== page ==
Summertime is one of those times that we think should be the easiest to dive into Sabbath. However, it is in this ideal of summertime where the should really hits the fan. (sorry) ‘Should’ is the antithesis of Sabbath. In reality, summertime is anything but restful.
Make a list with all of the reasons this summer has not been restful, or Sabbath-full for you and/or your family.
Consider the life of Jesus. It was the ‘shoulds’ and the followers of The Should that Jesus generally pissed off the most; especially when it came to the Sabbath.
Open up your Bible to the gospels, or do a quick web search. What did Jesus do on the Sabbath? What did Sabbath look like for Jesus and his disciples? If you want more, look further in the New Testament. What did Sabbath look like for Paul, the apostles, and the early church?
Back to summertime…
Personally, my summer has been filled to the brim with events, major life changes, swings of emotion, and even… free time. As with many of us, it is in this free time that I’ve struggled most to recognize Sabbath. If you haven’t followed my writing on Sabbath before now, here it is in a nutshell: Sabbath is about resting in not resting from. So with this perspective, it’s easy to understand how even a vacation or endless amounts of free time may not qualify as Sabbath.*
I am currently in the midst of a few weeks of free time. Perfect for sabbath moments, right?! In fact, I am struggling with this concept. My brain, my soul, is still wringing through so many things that is has not been easy for me to sigh and breathe deeply the life-breath of God. It seems much easier to should on myself about the ways I should be experiencing the gift of Sabbath in all of this free time. Why is it so easy to go there? The problem with all of this shoulding is that it is distracting me from the very real sabbath moments I have had.
Remember Casey? Just today, you had this walk with Lola, looked to your right, and saw three ducks aimlessly drifting along in the water. You stopped your thoughts for a few moments and grasped the scene of easy water ripples, long grasses, and that lovely bush of lavender. Who knows how long that moment was and that is part of the gift of Sabbath, losing track of time, letting go and resting in that moment.
Look at that list you made full of all of the reasons you haven’t had a restful summer… all of the reasons you haven’t experienced Sabbath. On the top of the list, write, ‘To: God,’ or, list all of the other people who have made (or will make) those things happen. This list is no longer yours to handle alone. It is not up to you to do it all, especially all by yourself. Now fold it up and put it in your journal or just throw it away. You don’t need to hold onto it anymore. Take three deep breaths. Say to yourself, “This day is not just mine. I give up the Should and receive the moment as it is.” Close your eyes for a long blink and deep breath. Look up with new eyes to see the Sabbath in the rest of your summer.
There are some things that we cannot simply walk away from, or step out of, even for a moment. Sabbath is not an escape. Sabbath is a grace and a gift. This gift grabs hold of us no matter what realities surround us. Though this may not happen a lot, it happens in such a way our world view is forever changed. When our world view changes, the gift that was only a moment becomes more – it sustains. It sustains us through the realities that strive to hold us down and kill our spirit. Because the gift is not of our own doing, it can remain with us wherever and whenever we remember it. Though we cannot always change the realities in which we find ourselves, we can recognize when this gift and grace of Sabbath reaches us. Receive the moment.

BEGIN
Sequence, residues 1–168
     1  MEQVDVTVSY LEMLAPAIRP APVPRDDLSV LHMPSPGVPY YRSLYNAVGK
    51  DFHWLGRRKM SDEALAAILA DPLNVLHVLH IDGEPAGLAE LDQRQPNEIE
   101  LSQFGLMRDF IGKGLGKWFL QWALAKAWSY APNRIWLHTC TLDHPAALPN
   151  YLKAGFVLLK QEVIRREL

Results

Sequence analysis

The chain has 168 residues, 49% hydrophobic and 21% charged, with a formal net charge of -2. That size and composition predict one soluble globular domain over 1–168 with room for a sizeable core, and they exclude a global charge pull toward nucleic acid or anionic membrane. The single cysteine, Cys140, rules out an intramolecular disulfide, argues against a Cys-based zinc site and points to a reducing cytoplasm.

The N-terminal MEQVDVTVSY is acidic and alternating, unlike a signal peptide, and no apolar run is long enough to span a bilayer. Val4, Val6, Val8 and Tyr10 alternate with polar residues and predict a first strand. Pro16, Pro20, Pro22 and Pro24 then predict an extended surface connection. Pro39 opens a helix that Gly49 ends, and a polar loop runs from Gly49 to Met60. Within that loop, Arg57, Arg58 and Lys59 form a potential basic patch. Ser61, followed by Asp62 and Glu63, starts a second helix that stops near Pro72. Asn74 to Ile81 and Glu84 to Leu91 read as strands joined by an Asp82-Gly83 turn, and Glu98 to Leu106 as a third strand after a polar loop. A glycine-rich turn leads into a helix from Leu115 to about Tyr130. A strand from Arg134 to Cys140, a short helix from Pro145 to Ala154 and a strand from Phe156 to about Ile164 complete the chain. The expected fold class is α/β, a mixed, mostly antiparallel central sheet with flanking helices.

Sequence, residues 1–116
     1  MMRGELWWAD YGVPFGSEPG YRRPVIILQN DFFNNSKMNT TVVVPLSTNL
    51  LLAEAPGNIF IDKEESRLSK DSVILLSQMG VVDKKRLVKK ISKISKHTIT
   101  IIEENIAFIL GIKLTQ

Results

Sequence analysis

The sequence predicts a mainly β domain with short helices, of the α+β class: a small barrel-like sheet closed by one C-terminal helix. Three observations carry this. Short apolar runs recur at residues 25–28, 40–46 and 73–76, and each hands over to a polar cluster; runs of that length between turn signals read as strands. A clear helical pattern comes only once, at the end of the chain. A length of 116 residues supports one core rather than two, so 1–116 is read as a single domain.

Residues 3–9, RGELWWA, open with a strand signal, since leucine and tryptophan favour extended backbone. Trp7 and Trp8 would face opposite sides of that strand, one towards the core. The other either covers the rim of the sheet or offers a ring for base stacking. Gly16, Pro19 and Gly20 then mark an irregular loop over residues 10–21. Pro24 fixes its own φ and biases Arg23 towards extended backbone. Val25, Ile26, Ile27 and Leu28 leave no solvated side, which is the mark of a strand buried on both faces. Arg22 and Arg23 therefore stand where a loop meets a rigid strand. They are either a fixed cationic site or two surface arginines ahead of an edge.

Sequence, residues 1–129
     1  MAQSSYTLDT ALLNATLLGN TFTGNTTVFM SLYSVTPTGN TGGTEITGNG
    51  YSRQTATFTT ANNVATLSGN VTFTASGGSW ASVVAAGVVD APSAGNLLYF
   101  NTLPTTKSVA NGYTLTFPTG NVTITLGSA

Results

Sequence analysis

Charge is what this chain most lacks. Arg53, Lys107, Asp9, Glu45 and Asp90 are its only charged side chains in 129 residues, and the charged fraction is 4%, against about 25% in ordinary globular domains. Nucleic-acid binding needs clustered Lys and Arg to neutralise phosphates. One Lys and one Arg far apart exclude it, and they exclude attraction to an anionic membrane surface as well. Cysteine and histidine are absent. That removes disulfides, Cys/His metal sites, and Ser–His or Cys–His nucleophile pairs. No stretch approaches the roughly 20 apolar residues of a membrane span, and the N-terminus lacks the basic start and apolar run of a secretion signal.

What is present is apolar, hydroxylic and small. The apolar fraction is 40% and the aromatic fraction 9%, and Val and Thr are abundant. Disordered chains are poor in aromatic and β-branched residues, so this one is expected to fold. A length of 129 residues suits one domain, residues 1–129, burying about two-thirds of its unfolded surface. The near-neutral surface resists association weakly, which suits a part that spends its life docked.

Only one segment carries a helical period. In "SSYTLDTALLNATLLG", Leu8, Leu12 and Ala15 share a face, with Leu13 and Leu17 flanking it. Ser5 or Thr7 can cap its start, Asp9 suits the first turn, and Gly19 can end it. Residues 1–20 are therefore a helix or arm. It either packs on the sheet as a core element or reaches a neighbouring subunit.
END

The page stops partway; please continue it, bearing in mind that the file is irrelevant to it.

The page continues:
*Note: My qualifications for Sabbath are intended not to be static rules; rather, expression for deeper understanding. I know that my expression and interpretation will not be the same as everyone’s. However, sharing our interpretations are important, not for argument’s sake or so that we may dismiss each other, but because they will only serve to expand our understanding and personal expression.

0 Responses

  1. Casey, I’m glad to see this conversation continuing. This way I won’t have to miss you so much. As you know, my spring and summer have been all about two spinal surgeries, back to back with cataract surgery in between. The last surgery on June 30 had been endlessly painful and a slower than usual recovery. I have spent a lot of time battling constant, chronic pain plus the post op pain, too. I’ve been so deeply immersed in battling pain that I’ve not made time for anything else. Finally, I’ve begun to see a return a somewhat pain-free day-by-day life with time to breathe again. My recent new companion is a walker with a seat which I was first bummed about but then have realized what a blessing it is. I can now walk more than 20 feet with painful back spasms and am again able to walk around the blocks in my neighborhood. I’m training to work up to a 2 mile round-trip to Nob Hill which was my before surgery almost daily exercise. Also, another daily Sabbath has been my return to the daily devotional Jesus Calling. Nearly every day has a God message especially for me. Today I signed up for a one month course on line through ChurchNextTV on Everyday Spiritual Practices. It looks to be an exciting way to discover the simple ways we tend to ignore to be more deeply spiritual. One of the quotes from it that I found really powerful was that “Just living is daily spirituality”
    Blessing to you and Drew
    Tom \\\\\\\\\

    1. Thank you for sharing your experience Tom! You help to remind us of the different ways Sabbath can touch our lives, no matter what our situation. You continue to remain in my prayers. Take it a step at a time. I know you will get back to your usual Nob Hill loop. God is with you every step of the way! (But I know you already know that!) Love to you and Judith

Leave a Reply